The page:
Heman Sweatt was a highly regarded educator, postal worker, and activist. He is most remembered for his role in the landmark lawsuit “Sweatt vs. Painter.”
Heman Marion Sweatt was born on December 11, 1912 to James Leonard Sweatt and Ella Rose Perry. His father had attended Prairie View Normal School, graduated in 1880 and became a schoolteacher. He worked as a principal in Beaumont and then moved to Houston for better economic opportunity.
Sweatt grew up in a relatively desegregated area of Houston. Even though the area was mainly integrated, he still experience racism and Jim Crow to the fullest. After high school, Sweatt attended Wiley College in Marshall, Texas, and graduated in 1934 with a Bachelor of Arts degree. He was regarded as one of the most brilliant students at Wiley College, he later became a teacher and substitute principal in Cleburne, Texas.
He was regarded as one of the most brilliant students at Wiley College. In 1936, he became a teacher and substitute principal in Cleburne, Texas. In 1937, Sweatt attended the University of Michigan in order to become a physician. However, after the school year, Sweatt decided to became a postal carrier and decided not to return to the University of Michigan due to the severe winters.
During the 1940s, Sweatt participated in voter-registration drives and raised funds for lawsuits against the white primary. Post offices stopped promoting blacks to supervisory positions by systematically excluding them from clerical positions that would make them eligible to be promoted. Sweatt wrote several columns for the Houston Informer and was a local secretary of National Alliance of Postal Employees; Sweatt was concerned with discrimination and challenged these practices.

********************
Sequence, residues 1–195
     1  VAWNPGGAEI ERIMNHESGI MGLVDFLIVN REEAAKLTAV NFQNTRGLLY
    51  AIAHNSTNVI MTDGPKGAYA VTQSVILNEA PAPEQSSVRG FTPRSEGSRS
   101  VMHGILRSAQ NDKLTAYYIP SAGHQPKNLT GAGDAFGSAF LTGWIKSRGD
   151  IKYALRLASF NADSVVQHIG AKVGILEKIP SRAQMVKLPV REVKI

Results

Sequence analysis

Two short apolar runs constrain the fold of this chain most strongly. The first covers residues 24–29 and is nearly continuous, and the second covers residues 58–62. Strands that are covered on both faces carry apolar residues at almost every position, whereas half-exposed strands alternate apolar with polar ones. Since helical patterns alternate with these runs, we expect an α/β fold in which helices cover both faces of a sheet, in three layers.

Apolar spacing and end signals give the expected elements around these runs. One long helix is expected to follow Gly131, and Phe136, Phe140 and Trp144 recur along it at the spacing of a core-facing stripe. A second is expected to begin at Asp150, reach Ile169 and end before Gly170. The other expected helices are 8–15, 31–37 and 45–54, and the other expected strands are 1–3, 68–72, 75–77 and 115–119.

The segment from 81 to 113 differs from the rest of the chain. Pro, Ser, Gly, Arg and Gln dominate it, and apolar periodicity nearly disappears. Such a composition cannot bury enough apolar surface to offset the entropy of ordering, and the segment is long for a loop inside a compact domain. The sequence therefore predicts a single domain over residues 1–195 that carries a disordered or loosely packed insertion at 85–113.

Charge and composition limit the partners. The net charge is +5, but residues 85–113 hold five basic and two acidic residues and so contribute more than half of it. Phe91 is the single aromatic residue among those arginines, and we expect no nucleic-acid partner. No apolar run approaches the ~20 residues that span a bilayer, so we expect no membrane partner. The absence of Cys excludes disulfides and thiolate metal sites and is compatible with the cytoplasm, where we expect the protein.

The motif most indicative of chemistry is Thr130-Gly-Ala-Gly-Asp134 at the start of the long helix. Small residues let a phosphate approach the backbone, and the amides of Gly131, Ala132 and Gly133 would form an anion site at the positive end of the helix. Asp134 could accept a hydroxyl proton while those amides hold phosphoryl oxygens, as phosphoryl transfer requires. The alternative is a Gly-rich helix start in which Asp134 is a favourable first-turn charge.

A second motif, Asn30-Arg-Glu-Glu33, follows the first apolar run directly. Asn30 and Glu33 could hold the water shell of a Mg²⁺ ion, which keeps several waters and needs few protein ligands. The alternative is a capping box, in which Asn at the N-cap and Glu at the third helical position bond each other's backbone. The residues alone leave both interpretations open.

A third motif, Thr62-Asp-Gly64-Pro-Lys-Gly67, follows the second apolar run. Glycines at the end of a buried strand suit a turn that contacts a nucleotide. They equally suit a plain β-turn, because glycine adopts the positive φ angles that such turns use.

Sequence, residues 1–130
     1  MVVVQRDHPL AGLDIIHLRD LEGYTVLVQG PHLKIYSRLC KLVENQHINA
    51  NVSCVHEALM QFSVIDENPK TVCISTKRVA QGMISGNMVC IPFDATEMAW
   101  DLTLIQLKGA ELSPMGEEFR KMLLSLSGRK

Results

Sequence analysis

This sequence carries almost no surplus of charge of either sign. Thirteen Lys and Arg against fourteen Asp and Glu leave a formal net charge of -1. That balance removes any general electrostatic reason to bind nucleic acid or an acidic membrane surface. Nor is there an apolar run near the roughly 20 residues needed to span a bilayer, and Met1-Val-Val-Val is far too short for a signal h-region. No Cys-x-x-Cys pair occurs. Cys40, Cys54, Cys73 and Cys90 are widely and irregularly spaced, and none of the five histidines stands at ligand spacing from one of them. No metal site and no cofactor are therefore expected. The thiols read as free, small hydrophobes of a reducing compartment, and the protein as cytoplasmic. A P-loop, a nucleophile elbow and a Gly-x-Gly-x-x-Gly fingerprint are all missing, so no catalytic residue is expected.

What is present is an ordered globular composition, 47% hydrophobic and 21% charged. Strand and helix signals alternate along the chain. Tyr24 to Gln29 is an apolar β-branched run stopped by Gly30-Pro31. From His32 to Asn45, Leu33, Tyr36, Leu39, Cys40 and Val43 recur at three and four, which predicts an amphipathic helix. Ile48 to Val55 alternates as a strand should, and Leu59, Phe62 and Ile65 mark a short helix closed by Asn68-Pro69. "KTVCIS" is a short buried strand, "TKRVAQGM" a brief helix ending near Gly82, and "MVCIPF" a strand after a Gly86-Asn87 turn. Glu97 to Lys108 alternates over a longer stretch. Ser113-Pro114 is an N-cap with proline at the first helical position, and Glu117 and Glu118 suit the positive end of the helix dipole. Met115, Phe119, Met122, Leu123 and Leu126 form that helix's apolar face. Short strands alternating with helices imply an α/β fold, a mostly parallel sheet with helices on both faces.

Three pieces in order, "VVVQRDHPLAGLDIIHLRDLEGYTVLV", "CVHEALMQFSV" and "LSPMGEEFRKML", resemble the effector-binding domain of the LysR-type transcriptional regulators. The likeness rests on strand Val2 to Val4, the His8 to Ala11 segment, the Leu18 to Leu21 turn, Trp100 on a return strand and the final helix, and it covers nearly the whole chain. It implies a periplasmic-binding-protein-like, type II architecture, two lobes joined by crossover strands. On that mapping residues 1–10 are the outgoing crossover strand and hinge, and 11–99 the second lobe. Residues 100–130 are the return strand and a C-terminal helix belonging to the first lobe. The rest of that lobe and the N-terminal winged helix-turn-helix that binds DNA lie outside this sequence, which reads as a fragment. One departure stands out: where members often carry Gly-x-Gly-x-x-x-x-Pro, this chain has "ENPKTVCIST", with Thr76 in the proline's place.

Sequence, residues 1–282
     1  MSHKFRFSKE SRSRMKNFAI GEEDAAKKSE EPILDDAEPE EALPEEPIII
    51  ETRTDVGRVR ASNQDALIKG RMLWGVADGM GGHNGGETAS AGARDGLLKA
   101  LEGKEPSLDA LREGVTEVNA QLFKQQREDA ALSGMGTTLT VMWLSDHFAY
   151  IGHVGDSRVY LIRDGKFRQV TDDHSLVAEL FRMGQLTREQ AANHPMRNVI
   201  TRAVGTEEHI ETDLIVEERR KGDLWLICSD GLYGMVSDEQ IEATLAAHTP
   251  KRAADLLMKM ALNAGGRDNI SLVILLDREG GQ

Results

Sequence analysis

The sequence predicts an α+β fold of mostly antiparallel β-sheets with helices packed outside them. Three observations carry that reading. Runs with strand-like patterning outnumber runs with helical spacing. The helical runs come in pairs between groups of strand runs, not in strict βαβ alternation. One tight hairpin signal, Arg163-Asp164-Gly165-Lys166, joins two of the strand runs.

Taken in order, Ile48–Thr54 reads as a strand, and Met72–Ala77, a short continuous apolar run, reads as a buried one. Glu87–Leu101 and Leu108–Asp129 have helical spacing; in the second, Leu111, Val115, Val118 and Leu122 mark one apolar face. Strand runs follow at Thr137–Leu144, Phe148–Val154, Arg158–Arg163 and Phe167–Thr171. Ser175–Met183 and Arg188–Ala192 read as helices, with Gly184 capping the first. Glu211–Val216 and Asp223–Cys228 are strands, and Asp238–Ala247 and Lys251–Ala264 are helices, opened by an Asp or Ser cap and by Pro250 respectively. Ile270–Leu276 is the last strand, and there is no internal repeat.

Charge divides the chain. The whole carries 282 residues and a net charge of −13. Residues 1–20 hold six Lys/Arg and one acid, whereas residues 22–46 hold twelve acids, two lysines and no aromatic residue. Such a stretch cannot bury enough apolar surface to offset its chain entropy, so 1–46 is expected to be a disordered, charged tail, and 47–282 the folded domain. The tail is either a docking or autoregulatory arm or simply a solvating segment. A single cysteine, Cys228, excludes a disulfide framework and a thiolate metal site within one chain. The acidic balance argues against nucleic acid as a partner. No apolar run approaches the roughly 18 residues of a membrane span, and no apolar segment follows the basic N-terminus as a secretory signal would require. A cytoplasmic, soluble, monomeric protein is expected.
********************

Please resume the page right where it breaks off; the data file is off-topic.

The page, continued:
By the mid-1940s he decided to go to law school; William J. Durham advised him to seek admission to the University of Texas School of Law, particularly since Durham knew there was no law school for blacks in the state. Sweatt not only sought admission but, responding to an appeal Lulu White made to a group of Houston blacks for a volunteer to file a lawsuit, also agreed to serve as the NAACP’s plaintiff if he was rejected on the basis of race. In the landmark case, Sweatt v. Painter, The United States Supreme Court ruled that separate law school facilities could not provide a legal education equal to that available at The University of Texas Law School, one of the nation’s ranking law schools. The Supreme Court affirmed Sweatt’s right to equal educational opportunity and in 1950, he entered the University of Texas School of Law.